You’ll get a very different slant on Limerick from this atmospheric bar on the County Clare side of the River Shannon – said to be one of the oldest pubs in the city, it has character by the bucketful and a splendid view across the Curragower Falls to King John’s Castle from the front windows or the attractive terrace.
The riverside location is really splendid and it’s matched by friendly, helpful staff and that indefinable character that a pub takes on when it’s a real ‘local’. It’s in a pleasant residential area, and near Thomond Park – it’s a popular meeting place on the way to matches and their ‘pig-on-spit’ is a speciality on days when Munster are playing.
When it comes to the food normally served, the emphasis is on freshly cooked food using local ingredients; the menu is not extensive and the style is homely, which suits the surroundings. Although billed as a seafood bar, the offering is quite evenly balanced to include other choices, including vegetarian options.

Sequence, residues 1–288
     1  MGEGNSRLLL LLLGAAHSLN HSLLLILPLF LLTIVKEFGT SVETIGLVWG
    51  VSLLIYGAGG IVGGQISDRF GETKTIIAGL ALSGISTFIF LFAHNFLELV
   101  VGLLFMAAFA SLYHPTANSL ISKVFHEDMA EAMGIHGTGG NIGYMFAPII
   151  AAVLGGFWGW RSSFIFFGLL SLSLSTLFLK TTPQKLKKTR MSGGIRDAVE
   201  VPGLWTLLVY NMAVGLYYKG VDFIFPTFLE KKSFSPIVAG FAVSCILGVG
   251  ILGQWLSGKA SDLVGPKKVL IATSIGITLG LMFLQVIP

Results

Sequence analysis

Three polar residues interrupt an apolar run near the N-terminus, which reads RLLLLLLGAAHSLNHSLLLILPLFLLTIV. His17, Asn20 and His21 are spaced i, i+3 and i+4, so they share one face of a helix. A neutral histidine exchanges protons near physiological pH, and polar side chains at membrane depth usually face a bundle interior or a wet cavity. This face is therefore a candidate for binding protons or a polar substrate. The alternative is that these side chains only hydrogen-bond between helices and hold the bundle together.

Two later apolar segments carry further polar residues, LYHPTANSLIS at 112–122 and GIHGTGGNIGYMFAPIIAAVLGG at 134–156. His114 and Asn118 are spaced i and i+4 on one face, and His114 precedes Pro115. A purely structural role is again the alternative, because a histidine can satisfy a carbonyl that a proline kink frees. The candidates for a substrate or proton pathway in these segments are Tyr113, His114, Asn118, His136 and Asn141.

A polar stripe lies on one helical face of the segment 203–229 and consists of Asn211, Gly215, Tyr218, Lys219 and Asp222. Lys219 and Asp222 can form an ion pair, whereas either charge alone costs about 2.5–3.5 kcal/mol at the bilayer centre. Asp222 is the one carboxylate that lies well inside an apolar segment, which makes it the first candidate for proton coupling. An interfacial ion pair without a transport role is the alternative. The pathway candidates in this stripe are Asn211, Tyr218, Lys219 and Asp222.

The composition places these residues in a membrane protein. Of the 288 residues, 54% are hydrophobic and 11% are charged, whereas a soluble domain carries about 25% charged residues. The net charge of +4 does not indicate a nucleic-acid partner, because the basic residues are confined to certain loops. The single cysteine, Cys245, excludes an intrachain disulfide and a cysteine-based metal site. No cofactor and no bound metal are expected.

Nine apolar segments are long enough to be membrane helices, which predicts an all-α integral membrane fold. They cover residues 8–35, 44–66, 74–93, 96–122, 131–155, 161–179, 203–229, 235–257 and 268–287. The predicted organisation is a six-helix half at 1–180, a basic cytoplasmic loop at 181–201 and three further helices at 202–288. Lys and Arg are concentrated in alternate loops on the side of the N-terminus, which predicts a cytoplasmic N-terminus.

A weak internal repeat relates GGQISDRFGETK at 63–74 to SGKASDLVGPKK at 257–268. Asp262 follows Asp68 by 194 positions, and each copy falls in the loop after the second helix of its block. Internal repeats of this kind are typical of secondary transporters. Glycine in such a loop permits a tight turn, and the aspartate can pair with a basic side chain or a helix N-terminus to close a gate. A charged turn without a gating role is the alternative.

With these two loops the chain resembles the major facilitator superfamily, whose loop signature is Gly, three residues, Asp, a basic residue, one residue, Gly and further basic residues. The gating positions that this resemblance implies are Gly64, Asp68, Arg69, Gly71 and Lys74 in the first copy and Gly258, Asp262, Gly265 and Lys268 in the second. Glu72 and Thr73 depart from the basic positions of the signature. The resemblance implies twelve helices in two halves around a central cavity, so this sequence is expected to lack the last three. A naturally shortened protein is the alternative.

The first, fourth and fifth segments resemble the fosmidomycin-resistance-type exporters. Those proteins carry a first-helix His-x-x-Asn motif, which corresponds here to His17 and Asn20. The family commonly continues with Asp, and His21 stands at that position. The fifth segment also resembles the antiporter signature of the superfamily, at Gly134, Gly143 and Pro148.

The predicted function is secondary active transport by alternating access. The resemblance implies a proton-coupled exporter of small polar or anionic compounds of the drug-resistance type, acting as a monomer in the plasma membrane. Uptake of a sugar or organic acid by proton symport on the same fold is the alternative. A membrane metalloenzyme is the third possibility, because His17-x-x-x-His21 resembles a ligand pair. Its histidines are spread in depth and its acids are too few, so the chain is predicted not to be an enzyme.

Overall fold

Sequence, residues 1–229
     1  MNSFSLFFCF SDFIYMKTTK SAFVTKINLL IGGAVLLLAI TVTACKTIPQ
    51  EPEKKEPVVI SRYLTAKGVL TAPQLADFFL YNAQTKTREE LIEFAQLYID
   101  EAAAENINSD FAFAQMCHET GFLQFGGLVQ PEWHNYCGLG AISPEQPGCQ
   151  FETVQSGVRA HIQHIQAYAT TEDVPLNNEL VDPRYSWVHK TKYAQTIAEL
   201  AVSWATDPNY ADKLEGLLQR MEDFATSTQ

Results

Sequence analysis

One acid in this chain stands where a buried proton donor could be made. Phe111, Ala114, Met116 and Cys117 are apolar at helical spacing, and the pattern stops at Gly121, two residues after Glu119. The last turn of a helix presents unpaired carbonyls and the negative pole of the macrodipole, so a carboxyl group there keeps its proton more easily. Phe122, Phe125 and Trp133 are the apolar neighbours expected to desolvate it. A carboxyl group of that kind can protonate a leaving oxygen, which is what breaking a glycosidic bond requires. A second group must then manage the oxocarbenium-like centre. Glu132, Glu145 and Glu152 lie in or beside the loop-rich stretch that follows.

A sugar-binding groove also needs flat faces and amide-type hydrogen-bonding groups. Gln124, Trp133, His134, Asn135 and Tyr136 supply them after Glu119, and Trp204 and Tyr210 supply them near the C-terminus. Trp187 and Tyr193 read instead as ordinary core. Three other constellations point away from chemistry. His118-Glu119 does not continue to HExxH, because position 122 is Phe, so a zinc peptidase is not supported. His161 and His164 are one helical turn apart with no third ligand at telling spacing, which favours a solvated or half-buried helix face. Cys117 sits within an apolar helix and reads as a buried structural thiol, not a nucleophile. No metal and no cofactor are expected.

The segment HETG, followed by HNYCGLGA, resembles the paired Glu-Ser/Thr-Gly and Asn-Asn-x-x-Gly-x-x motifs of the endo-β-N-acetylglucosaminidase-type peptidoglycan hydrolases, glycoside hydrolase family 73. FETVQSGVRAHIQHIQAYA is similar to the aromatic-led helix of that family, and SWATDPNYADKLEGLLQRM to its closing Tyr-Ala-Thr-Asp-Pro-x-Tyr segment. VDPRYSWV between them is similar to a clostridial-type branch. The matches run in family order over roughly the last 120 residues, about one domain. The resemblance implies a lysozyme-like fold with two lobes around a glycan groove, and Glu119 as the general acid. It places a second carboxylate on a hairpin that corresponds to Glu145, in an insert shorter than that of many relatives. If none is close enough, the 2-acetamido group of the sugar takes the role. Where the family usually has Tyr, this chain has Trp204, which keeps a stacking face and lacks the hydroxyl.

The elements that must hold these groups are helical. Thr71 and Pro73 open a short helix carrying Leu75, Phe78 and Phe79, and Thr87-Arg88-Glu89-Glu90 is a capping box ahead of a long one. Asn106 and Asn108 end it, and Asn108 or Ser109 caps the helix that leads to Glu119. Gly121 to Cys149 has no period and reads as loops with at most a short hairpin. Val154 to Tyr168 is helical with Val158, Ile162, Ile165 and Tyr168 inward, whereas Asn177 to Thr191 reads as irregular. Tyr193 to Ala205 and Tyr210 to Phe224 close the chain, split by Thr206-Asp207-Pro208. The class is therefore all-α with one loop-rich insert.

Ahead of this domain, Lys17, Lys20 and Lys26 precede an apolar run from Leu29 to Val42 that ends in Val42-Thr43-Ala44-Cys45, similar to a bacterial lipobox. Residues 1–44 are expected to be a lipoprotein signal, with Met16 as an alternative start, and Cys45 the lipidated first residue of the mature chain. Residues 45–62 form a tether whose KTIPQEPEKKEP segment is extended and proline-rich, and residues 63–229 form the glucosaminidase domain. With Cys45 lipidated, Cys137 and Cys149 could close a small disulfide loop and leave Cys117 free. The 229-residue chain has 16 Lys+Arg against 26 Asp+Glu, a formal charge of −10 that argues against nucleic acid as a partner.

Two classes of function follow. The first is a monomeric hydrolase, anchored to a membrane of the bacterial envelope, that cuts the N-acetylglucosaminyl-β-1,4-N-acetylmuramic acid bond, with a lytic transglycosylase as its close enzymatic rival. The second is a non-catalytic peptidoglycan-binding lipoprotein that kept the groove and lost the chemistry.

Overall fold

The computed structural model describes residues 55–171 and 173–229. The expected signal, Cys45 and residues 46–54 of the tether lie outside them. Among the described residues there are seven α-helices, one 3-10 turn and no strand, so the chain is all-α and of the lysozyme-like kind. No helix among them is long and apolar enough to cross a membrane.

Starters and lighter dishes will range from soups (one of which will be the house chowder), various salads and sandwiches including a speciality triple-decker sandwich (with ham and chicken) and warm salads (probably a choice of goats cheese and black pudding, or chicken).
But the main speciality dishes are all seafood, and it’s the kind of food you like to eat in bars rather than restaurants – mussels in garlic butter, for example, served with homemade brown bread; the Curragower breaded scampi, which comes with salad, tartare sauce and crushed black pepper hand-cut chips; the house fish & chips; and the Curragower seafood pie – a tasty, wholesome mixture of fish and shellfish in a creamy sauce that’s topped with a generous thatch of colcannon.
All have their fans, but sometimes all people want is one of the Curragower mixed baskets - a combination of scampi, black & white pudding, sausages and chips to share over a drink; ask about their speciality beers.
Desserts are homemade too, and nice to have with a cup of tea or coffee during the day – meringues with fresh strawberries & cream, perhaps, or a sinfully rich chocolate cake.
Aside from food, and the sporting connections, the Curragower is a traditional Irish music venue, with live sessions every night in summer and Wednesday to Sunday in winter. It may be off the beaten track but the Curragower is an interesting place to know about.